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Old 07-20-2016, 03:50 PM   #1
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2002 Chevy Tahoe LT 4x4 and TT

I've read lots of forums posts so I understand the basics but I want to see if my math is right.

A new TV is not in the cards right now but perhaps in the future so I currently have a 2002 Tahoe LT 4x4. I need to double check but I think I have the 4.10 rear axle so my tow capacity should be 8100#.

After reading many posts I realized I was likely to run out of payload before running out of towing capacity.

Since we're a family of 5 I'm looking at a bunkhouse and unfortunately those don't come light. I'm currently looking at a Mallard M29 which is about 5800# dry 6900# GVW. So far so good.

My Tahoe has a GVWR of 6900, google says my curb weight is 5050# so I should have 1850# of "payload".

I figure 650# for the family, 100# of gear (most stuff will be in the TT), 100# WD hitch, which leaves me approximately 1000# left for tongue weight. I don't think the Mallard will exceed that.

So I figure it should be towable, but pretty much maxed out.

What did I forget?

Thanks,
Richard
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Old 07-20-2016, 03:51 PM   #2
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Mallard M29 specs

Forgot to post this in my first post.

M29
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Old 07-20-2016, 05:46 PM   #3
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Stop assuming. Get everyone on the scale at home and record their honest weight. After that, get the Tahoe down to a scale loaded up for camping with the whole family and weigh it.

There. Now you have the numbers. Now what?

What is left over after subtracting the honest "ready to camp" weight from the Tahoe GVWR is your tongue weight budget. Take the GVWR of the trailer you are interested in and multiply by .13 or 13%. That is your approximate maximum tongue weight for that trailer.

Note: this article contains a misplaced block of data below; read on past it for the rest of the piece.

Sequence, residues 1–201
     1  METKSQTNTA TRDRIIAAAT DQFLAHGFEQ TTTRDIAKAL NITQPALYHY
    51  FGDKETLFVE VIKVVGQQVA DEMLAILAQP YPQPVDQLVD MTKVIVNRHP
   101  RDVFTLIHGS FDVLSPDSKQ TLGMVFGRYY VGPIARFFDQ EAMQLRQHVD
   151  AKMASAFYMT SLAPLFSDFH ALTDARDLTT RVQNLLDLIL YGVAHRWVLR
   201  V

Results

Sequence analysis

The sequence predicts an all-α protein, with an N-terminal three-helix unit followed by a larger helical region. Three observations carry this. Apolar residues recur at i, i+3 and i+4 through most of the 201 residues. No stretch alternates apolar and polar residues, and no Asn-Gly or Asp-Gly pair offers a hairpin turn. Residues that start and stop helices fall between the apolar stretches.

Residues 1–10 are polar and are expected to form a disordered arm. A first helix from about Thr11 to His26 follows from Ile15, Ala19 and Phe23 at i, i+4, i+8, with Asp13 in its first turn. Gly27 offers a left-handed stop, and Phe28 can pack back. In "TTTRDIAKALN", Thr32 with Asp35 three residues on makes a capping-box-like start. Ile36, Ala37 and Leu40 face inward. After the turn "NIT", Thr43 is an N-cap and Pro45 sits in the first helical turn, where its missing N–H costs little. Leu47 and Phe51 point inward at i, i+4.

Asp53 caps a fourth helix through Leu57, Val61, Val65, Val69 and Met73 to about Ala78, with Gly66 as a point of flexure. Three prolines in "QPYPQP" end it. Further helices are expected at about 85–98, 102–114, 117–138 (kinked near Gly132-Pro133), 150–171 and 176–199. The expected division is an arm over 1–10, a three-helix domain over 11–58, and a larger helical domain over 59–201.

If it's higher than the max tongue weight number for your Tahoe, then keep looking.

Good luck! Having an RV is great fun to get the family out of the house and have an adventure, but these half ton SUVs are very limited in what they can tow within their design limits. But don't despair! You can probably rent an RV that can handle everybody for the one a year big vacation if you can't find one to tow safely now with the limitations you currently have.
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Old 07-20-2016, 06:54 PM   #4
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It it at least safe to assume that the dry weight sticker on the TT is correct? Supposedly they weigh them individually since the brochure weight is usually minus options.

I was planning on putting the Tahoe with me and a full tank of gas on the scales at a local Flying J, just need to call and ask what that costs ahead of time.